Moving Things With Javascript

Moving Things with JavaScript

  1. Explain how to update an element's position on the page
  2. Practice updating an element's position on the page
  3. Practice moving an element in response to a browser event

Introduction

Think back to the first video game you played. (If you've never played a video game, try this one.)

It was probably mesmerizing to think about how the game worked. It responded to your whims through a set of clear and easy-to-use interactions. It pulled you into its story by giving you a window into its world and a way of interacting with — shaping, even — that world.

Programming means that you can create such a world for other people. Sure, it'll be a while before you're ready to build something like Braid or even Don't Look Back, but we can start with small steps. Let's learn how to move things on a page.

Updating an element's position

Open up index.html in your favorite browser (we'll be using Chrome). Open the console, and let's get a hold of what we're calling the "dodger":

var dodger = document.getElementById('dodger')

Awesome. Now let's change its color:

dodger.style.backgroundColor = "#000000"

Whoa, where'd it go? Well, we changed the color to "#000000", which is another way of saying "black". So it just blends in with the background.

Let's change it to something more visible.

dodger.style.backgroundColor = '#FF69B4'

Awesome.

pink dodger

What have we been doing here? Well, we've been accessing the style property of the dodger element. This lets us change things like the backgroundColor, the height, width, etc.

We can also, it turns out, change an element's position on the page.

To start, let's read out the element's coordinates — we'll read these as if the bottom left of the black box were at coordinate (0, 0).

dodger.style.left // "180px"
dodger.style.bottom // "0px"

So the dodger's bottom left edge is currently at (180, 0). (Keep in mind that these coordinates are relative to the black box.)

Let's start by moving the element up.

dodger.style.bottom = '100px'

Whoa!

up 100px

Notice the annoying thing about this, though: even though we're talking about numeric coordinates, we need to move the dodger by assigning it a different string. Let's return it to where we started:

dodger.style.bottom = '0px'

That's better.

Moving in response to an event

Remember event listeners? Turns out, we can use those to respond to an event and move the dodger.

Let's say we want to move the dodger to the left. First we have to figure what the left arrow key's numeric value is. We could look it up, but we're programmers — let's explore!

document.addEventListener('keydown', function(e) {
  console.log(e.which)
})

Entering the above in our console, if we now click on the window (where the dodger is rendered) press the left arrow key, we should see in our console:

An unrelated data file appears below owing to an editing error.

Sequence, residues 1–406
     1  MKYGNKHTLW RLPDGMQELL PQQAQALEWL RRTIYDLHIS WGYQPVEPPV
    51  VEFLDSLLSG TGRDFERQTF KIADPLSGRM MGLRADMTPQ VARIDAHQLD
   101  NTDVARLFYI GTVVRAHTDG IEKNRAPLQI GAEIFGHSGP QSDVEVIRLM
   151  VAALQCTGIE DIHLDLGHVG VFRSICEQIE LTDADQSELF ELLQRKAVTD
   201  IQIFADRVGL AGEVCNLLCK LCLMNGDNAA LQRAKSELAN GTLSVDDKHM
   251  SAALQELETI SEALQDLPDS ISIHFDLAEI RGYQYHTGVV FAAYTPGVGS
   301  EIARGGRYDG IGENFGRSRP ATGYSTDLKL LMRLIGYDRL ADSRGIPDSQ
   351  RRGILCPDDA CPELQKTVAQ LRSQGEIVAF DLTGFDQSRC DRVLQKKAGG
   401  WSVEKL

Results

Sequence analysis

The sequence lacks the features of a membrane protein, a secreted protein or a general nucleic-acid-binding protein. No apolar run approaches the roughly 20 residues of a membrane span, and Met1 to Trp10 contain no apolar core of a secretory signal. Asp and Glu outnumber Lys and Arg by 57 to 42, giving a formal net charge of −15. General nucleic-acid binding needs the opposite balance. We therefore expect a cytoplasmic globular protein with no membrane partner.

left arrow keydown

(Don't worry if you only see 37 :) ).

Cool, so we know that we need to look for 37 to trigger a move to the left. Let's start moving left then:

document.addEventListener('keydown', function(e) {
  if (e.which === 37) {
    var leftNumbers = dodger.style.left.replace('px', '')
    var left = parseInt(leftNumbers, 10)

    dodger.style.left = `${left - 1}px`
  }
})

So what are we doing here? Well, if we catch a left arrow keydown, we move the dodger 1 pixel to the left. (We have to parse the pixels as integers and then convert them back to the pixel string.) Otherwise (if it's not a left arrow keydown), we do zilch.

But you'll notice that, even though we're currently going one pixel at a time, eventually our dodger will zoom (well, relatively speaking) right out of view.

How can we prevent this? Well, we want to check to see where the left edge of the dodger is, and we want to prevent it from going past the left edge of the black screen.

It seems like it's time to break the dodger's movement out into a separate function. First, let's refresh the page and code with a blank slate.

Then let's grab the dodger again

var dodger = document.getElementById('dodger')

and work on that function:

function moveDodgerLeft() {
  var leftNumbers = dodger.style.left.replace('px', '')
  var left = parseInt(leftNumbers, 10)

  if (left > 0) {
    dodger.style.left = `${left - 1}px`
  }
}

We're doing essentially the same as above, but we first ensure that the dodger's left edge has not gone past the left edge of its container. (Remember, position is relative to the container.)

Let's wire this up

document.addEventListener('keydown', function(e) {
  if (e.which === 37) {
    moveDodgerLeft()
  }
})

Now try moving the dodger past the left edge. No can do!

Your turn!

While this isn't tested, and this was meant as a code-along, we have not yet implemented moving the dodger to the right. Can you do it?

Think about what needs to change to make a moveDodgerRight() function. We'll need another e.which in the event listener, and instead of moving the dodger ${left - 1}px, we'll be moving it ${left + 1}px (or ${right - 1}px, if you prefer). To prevent the dodger from escaping off the right-hand side, you can make sure that dodger.style.right is always greater than 0px.

Resources

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